The Suffolk County Water Authority has backed away from its plan to build a 100-kilowatt wind turbine near Laurel Lake in Laurel.
In an email to County Legislator Ed Romaine that was circulated to the media Tuesday, authority CEO Jeff Szabo said that the agency’s chairman, Jim Gaughran, “has informed me that he plans to recommend not awarding this contract at tonight’s board meeting based upon the present proposed return on investment.”
The water authority had estimated it would take between 18 and 25 years to recoup its investment in the half-million-dollar turbine.
Water authority spokesman Tim Motz confirmed after the agency’s Tuesday night meeting that the project had been shelved.
The water authority announced plans early this year to build the turbine to help power its pumping station near the lake. The authority spends $25 million on electricity each year to run some 600 wells. But neighbors quickly rallied against the proposal, citing, in part, the possible risk of fire if the turbine were installed in the middle of the woods and the large number of birds in the nature preserve surrounding the lake.
Members of the Laurel Lake Homeowners Association argued that the dirt roads on which most of the residents live are inaccessible by fire trucks. In one case, they said, a fireman had to walk in to extinguish a blaze sparked by a tree falling on live power lines.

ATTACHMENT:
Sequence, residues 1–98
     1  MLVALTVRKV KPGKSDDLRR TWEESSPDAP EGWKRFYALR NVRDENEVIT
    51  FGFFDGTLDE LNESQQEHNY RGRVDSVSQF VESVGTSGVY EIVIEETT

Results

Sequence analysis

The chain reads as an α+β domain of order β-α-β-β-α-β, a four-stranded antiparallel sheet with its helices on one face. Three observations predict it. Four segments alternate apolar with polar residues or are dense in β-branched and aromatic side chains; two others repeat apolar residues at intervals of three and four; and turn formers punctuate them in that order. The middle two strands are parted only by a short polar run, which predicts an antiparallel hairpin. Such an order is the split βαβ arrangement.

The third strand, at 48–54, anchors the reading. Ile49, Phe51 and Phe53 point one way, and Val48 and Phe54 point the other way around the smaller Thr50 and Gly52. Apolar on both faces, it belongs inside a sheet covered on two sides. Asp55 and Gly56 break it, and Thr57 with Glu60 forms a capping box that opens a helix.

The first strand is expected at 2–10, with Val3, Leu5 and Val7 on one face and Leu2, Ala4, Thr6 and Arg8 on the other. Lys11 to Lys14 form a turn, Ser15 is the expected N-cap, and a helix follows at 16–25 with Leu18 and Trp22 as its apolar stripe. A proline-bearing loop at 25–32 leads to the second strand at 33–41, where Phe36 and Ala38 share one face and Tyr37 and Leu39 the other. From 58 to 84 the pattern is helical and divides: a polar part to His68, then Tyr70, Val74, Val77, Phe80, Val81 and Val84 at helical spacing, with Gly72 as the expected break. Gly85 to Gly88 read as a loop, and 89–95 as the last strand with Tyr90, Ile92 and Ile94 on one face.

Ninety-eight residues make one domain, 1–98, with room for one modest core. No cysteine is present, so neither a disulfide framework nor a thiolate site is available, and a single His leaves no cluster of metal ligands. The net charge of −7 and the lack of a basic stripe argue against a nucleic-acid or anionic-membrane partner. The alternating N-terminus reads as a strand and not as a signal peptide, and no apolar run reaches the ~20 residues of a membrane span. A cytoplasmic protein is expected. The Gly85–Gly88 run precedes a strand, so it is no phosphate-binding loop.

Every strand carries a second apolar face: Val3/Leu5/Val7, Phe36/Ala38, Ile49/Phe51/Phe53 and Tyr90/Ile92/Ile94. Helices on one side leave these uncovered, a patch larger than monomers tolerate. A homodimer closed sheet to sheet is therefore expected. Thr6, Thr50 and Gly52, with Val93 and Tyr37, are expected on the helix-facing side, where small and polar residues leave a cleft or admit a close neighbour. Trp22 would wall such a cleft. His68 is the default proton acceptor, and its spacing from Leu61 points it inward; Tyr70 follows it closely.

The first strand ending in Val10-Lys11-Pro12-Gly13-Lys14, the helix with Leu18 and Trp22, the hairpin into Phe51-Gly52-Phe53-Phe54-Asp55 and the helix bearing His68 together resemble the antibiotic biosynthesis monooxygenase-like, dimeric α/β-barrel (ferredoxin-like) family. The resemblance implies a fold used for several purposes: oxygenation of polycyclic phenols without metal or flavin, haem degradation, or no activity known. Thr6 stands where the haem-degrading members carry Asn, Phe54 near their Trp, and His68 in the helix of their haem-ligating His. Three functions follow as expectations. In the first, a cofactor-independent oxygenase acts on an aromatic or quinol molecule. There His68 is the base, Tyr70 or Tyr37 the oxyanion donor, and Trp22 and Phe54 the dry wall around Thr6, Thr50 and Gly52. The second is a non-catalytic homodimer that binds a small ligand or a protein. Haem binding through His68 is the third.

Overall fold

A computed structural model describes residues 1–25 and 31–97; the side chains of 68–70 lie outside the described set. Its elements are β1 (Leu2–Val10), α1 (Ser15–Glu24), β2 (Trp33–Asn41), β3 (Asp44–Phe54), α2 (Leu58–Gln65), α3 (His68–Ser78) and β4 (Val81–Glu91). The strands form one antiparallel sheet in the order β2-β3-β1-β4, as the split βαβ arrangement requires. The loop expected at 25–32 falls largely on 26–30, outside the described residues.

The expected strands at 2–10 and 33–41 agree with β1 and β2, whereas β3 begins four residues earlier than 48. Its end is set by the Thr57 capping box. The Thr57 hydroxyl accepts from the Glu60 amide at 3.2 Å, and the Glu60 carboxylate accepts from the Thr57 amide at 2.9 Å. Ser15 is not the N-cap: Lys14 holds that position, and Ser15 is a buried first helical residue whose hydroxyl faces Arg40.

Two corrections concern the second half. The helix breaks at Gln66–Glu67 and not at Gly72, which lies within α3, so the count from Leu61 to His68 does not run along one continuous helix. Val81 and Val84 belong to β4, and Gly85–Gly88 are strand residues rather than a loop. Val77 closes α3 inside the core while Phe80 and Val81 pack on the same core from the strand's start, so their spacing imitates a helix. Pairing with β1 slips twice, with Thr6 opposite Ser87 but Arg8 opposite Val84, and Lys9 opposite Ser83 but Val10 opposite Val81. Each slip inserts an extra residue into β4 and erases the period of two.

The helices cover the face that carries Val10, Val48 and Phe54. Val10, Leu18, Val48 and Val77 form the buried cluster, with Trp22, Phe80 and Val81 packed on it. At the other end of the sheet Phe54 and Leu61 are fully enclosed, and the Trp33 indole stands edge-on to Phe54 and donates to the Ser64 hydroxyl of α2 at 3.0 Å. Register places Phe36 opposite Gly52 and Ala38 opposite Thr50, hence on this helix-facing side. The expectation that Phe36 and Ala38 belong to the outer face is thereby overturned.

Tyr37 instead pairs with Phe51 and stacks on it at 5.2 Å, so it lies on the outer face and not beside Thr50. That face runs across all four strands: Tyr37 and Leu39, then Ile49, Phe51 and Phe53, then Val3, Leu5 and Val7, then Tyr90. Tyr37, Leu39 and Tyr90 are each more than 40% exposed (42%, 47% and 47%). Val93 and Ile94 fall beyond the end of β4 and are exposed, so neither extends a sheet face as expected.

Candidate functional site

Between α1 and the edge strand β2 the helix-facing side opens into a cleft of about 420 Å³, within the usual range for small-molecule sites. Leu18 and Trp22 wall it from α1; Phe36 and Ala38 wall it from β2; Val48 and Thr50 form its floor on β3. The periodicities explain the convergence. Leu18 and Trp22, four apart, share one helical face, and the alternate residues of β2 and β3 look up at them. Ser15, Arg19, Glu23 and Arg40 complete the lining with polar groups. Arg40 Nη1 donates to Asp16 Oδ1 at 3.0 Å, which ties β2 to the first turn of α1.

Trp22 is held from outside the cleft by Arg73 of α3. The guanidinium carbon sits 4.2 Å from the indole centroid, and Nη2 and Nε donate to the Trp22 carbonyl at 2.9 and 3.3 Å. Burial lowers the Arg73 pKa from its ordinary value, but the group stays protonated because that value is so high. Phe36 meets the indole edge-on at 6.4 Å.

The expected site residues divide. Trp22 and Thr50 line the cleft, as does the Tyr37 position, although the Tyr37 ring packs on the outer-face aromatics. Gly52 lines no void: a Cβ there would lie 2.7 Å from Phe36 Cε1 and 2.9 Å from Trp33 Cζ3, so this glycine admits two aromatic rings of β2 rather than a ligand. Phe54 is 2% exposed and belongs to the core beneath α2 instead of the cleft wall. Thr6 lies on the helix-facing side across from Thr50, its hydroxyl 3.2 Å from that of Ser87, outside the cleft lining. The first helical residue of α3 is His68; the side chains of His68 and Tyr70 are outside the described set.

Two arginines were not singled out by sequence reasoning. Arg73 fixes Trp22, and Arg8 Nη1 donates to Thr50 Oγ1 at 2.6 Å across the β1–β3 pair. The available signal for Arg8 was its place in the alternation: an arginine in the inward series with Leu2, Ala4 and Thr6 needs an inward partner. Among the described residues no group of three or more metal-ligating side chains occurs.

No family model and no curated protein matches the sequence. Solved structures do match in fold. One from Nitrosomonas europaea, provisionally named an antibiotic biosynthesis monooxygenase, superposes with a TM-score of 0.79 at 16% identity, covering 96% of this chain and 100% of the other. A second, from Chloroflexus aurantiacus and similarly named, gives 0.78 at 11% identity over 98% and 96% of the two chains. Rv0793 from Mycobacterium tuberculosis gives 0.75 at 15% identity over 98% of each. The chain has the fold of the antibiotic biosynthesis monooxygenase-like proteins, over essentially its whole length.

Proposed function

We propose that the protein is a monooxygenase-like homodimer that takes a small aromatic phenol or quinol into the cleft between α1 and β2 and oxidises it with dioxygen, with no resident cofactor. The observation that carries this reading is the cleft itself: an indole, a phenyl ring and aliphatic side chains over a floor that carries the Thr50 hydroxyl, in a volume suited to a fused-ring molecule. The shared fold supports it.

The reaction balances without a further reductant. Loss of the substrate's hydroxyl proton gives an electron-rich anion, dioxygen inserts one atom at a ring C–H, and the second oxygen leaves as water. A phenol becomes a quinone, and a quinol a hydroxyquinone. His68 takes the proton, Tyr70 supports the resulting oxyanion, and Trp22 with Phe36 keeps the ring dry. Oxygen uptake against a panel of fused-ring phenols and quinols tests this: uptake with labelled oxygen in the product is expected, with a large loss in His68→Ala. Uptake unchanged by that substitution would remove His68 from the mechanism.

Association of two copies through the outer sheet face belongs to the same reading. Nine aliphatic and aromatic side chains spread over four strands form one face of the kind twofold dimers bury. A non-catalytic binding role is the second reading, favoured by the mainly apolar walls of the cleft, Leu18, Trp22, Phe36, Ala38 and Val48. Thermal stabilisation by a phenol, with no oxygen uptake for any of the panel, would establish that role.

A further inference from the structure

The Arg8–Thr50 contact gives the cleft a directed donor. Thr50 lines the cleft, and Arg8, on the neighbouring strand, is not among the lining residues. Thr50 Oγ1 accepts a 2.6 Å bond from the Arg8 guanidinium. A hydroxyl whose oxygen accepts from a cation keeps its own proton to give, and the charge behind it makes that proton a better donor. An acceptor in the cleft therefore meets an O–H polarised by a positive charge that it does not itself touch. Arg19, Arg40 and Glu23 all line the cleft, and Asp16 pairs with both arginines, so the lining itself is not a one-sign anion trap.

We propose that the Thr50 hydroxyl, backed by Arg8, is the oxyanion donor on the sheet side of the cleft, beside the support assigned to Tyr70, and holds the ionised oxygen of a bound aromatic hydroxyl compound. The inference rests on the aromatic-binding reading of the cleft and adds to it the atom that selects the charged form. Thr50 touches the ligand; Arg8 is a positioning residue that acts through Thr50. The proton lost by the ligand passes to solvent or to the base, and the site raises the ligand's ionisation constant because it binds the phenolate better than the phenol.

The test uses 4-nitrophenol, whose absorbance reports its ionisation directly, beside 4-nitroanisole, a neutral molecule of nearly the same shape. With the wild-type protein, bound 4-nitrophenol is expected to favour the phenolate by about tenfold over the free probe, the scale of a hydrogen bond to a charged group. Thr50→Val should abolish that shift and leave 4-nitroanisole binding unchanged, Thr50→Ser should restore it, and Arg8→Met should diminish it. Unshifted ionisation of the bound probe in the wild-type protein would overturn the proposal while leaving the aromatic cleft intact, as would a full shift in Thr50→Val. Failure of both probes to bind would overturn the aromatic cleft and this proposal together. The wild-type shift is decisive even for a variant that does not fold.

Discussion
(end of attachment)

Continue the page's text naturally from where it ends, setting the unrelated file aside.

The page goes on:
The water authority later said it didn’t believe a fire risk existed at the site.
While it had not taken a position, the town had questioned whether the authority needed local approvals to erect the turbine. The SCWA argued that it didn’t.
But at the town’s urging the authority did seek Town Trustee permits to run new water mains out to Orient two years ago. In the wake of intense opposition from the town and Orient residents, the authority eventually dropped that project, which was to be financed largely with federal stimulus funds.
The town code permits wind turbines only at bona fide farming operations.
Supervisor Scott Russell said Wednesday that he’s glad the water authority listened to residents living near the proposed project.
“I support reliance on alternative and renewable energies and have promoted their use with codes and action,” he said. “The site selection, however, is very important and the proposed location at Laurel Lake seemed to undermine all of the hard work and cooperative efforts of the state, the county and the town in protecting and preserving that scenic and natural treasure. I do believe that the SCWA has shown a real interest in the voices and concerns of the residents in this instance and am grateful to that agency for listening to those concerns.”